Super Bowl 2019: How to get your TV ready to watch – CNET


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Are you and your TV ready for Super Bowl 53 on Sunday, Feb. 3?

If you’re not among the lucky fans who get to watch the game in person at Mercedez-Benz Stadium in Atlanta, you’ll probably be among the 100 million-plus people watching it on a TV.

Yes, the Super Bowl is a great excuse for buying a new TV — and we’ve got some suggestions, both regular- and supersized. But maybe your current set is perfectly fine, just in need of a big-game tuneup. Or maybe you just got that new set home and want to make sure it’s ready for the game. Here’s how.

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How to get your TV ready to watch the Super Bowl


Go big

Football is a complicated visual experience, with lots of wide-angle views where big swaths of the field are visible at once, often studded with all-too-tiny players. More so than most TV programs, it’s best suited to larger screens. You’ll get a better experience watching on as large a TV as you have available, especially for a party.

If your TV is smaller, you can get a similar effect by sitting closer. High-def images often look great even from close distances, so it might be worthwhile to move your seat closer to the TV for the game. That is, if doing so won’t obscure the screen for your friends.


The bigger your TV (or the closer you sit) the better.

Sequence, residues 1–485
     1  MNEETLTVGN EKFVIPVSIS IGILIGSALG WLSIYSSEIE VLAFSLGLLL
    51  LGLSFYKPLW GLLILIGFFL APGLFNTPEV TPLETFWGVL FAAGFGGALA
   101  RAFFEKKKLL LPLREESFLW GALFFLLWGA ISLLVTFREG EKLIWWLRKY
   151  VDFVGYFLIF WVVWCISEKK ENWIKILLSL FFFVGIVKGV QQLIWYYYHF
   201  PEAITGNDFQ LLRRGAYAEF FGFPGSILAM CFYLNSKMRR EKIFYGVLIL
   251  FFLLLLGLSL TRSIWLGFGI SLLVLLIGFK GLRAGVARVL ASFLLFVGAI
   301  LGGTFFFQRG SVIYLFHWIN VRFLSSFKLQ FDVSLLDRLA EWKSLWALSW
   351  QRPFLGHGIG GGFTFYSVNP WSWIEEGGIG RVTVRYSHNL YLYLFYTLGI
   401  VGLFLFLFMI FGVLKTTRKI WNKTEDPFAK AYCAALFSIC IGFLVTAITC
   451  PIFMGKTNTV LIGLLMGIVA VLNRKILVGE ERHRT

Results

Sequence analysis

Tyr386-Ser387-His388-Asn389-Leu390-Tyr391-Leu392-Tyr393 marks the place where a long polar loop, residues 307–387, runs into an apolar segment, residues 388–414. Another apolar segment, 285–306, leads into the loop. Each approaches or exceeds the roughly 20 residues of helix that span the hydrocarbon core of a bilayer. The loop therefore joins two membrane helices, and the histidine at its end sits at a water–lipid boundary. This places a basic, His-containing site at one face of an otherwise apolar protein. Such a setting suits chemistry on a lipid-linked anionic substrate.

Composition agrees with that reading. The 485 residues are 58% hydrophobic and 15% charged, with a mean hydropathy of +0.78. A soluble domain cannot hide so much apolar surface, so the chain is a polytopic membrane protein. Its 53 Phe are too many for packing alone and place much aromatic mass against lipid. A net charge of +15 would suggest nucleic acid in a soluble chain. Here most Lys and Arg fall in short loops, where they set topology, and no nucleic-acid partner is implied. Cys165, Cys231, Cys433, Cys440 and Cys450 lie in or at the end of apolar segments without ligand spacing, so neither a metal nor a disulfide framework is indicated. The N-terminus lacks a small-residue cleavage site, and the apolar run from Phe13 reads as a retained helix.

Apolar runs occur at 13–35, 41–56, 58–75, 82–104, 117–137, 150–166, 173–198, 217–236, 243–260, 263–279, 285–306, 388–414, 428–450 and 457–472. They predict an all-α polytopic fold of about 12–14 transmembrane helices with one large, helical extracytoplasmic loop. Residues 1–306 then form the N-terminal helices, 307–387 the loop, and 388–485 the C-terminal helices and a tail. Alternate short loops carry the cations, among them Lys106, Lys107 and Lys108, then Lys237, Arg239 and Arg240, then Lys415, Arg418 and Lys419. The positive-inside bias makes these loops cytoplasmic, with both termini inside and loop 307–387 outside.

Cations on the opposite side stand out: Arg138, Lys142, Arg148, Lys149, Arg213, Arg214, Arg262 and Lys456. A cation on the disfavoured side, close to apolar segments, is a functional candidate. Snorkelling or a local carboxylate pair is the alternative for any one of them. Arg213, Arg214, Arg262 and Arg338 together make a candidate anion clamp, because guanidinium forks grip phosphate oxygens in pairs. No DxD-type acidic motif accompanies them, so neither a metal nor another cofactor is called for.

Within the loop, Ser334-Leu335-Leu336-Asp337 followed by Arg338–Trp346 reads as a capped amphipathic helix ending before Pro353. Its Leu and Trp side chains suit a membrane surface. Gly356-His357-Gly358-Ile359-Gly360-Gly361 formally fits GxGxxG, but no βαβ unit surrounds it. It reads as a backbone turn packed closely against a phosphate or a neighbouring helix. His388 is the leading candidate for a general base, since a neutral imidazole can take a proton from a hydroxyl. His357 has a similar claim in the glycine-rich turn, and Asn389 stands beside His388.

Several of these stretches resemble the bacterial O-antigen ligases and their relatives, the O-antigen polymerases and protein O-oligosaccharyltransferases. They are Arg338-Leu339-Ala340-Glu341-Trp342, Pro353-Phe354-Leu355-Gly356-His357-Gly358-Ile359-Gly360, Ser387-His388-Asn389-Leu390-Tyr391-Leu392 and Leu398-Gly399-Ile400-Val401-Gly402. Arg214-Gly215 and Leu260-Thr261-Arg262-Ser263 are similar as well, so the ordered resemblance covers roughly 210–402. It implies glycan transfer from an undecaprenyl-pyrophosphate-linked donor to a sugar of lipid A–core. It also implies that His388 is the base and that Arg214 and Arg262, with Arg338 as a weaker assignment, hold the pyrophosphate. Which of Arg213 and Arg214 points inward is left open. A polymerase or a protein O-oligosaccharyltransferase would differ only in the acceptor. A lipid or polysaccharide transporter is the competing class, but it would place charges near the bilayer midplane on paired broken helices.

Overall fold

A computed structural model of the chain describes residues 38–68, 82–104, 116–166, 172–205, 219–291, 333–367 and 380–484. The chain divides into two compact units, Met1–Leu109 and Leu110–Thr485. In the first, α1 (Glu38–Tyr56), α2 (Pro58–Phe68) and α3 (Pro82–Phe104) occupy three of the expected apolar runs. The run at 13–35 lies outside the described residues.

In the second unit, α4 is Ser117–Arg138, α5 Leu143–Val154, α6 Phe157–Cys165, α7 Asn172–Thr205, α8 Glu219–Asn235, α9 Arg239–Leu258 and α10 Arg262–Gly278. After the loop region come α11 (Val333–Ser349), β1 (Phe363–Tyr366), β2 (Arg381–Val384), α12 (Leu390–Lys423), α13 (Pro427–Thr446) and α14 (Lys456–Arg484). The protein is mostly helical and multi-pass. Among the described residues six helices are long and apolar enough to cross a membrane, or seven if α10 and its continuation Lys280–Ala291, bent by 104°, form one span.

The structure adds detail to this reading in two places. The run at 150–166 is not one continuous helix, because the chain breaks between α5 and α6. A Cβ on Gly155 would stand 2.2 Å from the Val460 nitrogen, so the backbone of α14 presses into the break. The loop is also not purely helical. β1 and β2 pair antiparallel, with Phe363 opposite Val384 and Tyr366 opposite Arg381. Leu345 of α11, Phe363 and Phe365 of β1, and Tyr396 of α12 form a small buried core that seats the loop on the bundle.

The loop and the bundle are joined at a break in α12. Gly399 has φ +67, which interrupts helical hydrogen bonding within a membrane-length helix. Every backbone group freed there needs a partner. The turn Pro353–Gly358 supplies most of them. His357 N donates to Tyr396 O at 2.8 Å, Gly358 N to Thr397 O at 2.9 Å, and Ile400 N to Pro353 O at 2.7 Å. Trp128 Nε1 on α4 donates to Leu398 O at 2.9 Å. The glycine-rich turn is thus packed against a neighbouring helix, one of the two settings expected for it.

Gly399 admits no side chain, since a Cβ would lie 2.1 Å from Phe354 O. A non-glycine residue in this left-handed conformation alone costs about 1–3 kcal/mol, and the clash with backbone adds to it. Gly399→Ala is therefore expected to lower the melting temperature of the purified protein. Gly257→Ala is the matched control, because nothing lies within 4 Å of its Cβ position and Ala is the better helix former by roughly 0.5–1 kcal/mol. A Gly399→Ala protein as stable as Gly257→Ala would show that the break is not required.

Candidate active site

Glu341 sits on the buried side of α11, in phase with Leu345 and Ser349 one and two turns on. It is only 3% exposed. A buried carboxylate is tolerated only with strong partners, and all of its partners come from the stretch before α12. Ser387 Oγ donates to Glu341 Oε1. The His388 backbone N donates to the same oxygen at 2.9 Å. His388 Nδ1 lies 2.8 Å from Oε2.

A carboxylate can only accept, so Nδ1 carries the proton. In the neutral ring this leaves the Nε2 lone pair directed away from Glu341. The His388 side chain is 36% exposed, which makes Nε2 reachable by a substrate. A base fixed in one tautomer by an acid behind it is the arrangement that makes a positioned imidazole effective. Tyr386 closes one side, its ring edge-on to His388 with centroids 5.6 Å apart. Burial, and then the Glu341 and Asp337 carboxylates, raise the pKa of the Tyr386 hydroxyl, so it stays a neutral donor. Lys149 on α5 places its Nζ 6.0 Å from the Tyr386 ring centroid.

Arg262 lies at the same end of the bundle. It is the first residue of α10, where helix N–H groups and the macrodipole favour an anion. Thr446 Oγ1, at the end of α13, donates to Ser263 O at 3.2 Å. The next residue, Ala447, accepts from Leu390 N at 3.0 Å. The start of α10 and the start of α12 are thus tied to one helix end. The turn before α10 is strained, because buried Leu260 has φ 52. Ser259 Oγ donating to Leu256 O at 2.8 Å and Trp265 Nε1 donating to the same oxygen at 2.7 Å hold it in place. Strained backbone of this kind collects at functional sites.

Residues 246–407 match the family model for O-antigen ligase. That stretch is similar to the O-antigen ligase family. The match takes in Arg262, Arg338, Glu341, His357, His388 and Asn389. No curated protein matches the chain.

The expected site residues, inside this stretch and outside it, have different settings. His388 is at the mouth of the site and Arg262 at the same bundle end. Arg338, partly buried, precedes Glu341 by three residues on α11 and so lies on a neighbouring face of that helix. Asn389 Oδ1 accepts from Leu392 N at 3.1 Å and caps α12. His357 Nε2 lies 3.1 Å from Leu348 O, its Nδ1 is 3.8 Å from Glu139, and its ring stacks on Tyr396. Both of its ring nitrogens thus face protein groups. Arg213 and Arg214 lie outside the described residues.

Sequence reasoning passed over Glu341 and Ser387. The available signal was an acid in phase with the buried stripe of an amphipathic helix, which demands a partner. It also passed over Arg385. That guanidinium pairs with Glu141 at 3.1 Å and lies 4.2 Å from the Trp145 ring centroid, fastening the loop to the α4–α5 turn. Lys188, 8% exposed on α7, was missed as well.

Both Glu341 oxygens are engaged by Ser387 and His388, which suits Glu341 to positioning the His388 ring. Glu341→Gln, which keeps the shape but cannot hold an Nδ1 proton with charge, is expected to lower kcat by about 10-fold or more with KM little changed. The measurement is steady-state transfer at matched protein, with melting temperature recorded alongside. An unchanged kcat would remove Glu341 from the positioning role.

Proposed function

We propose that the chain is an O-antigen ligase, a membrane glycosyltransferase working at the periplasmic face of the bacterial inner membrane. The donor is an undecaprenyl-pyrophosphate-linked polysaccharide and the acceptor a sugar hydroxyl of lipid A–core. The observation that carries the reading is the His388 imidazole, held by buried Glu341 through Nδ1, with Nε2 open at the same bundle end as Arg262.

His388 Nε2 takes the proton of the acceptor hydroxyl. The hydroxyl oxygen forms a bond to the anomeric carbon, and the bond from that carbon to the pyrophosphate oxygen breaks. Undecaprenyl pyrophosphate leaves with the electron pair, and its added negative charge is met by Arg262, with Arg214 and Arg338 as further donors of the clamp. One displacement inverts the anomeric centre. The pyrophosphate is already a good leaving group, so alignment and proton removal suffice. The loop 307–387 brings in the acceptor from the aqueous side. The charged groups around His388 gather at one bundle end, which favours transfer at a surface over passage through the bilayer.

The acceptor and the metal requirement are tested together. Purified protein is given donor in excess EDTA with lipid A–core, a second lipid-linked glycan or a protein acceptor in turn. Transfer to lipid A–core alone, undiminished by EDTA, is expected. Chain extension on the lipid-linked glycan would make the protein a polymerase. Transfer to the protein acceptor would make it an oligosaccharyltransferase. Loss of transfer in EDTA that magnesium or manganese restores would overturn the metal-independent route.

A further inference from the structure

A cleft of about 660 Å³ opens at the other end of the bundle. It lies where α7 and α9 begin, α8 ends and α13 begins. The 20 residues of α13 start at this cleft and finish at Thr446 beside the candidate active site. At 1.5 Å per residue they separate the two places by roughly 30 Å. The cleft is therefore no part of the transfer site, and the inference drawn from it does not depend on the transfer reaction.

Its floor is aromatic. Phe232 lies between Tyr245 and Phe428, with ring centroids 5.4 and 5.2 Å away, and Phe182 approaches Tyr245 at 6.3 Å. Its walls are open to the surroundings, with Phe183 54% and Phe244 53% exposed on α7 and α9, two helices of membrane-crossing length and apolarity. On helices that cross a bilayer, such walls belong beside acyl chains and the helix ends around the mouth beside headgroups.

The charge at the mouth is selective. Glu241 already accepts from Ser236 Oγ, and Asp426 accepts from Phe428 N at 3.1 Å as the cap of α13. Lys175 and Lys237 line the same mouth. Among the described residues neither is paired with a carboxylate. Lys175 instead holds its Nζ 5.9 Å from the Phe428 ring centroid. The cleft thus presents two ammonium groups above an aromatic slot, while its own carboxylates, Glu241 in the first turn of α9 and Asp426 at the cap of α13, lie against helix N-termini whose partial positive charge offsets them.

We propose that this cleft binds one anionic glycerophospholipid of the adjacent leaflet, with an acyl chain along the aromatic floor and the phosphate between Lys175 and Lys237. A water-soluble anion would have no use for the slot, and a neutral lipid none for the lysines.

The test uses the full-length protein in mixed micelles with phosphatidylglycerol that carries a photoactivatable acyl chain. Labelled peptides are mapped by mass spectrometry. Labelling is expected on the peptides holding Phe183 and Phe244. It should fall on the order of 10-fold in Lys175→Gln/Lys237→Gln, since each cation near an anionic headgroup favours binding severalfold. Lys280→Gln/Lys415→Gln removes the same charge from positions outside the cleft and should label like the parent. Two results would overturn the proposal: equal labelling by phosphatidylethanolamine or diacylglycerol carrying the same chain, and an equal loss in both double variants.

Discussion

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Check the setup: HDMI, high-def and Wi-Fi

The first thing you want to do is make sure the TV is set up correctly. If you have a high-definition cable or satellite box, make sure it’s connected via HDMI. You’ll also want to make sure you’re tuned to the high-def version of the broadcast — available on CBS (note that CNET is owned by CBS). Most cable and satellite providers in the US carry both HD and standard-definition channels, and HD will look much better.

This year the Super Bowl is also available live online from more places than ever: for free via or with a subscription via CBS All Access, the NFL app or a live TV streaming service that carries CBS. 

If you’re streaming the game, you’ll want to have plenty of bandwidth. If you experience break-up or buffering, make sure other devices in your house aren’t using the Wi-Fi at the same time. You can also try moving stuff around, going with a wired Ethernet connection or, if all else fails, upgrading your internet speed. For more, check out how to improve TV streaming.

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Sound matters

You should definitely get your audio set up correctly. If you’re using the TV speakers for audio, set your box or device to output stereo as opposed to 5.1 surround sound (Dolby Digital). But hopefully you’re using an external audio system or sound bar, which can not only deliver real or simulated surround sound — perfect for that Atlanta crowd noise — but also much better dialogue.

Maybe you’re the kind of person who prefers to listen to the crowd and turn down the announcers. If that’s the case, try playing around with the sound controls. Many TVs and external sound systems have a multiband equalizer that lets you decrease certain frequencies independently of others, quieting those sounds you don’t want to hear. If your equipment doesn’t have an equalizer, try experimenting with a sound mode or even the basic bass and treble controls.

And if you happen to be listening to the surround-sound broadcast on a surround system, you can turn down the center channel to minimize the dialogue from the announcers. Conversely, if you’d rather hear them over the crowd, turn down the other speakers (left, right and surround) and turn up the center.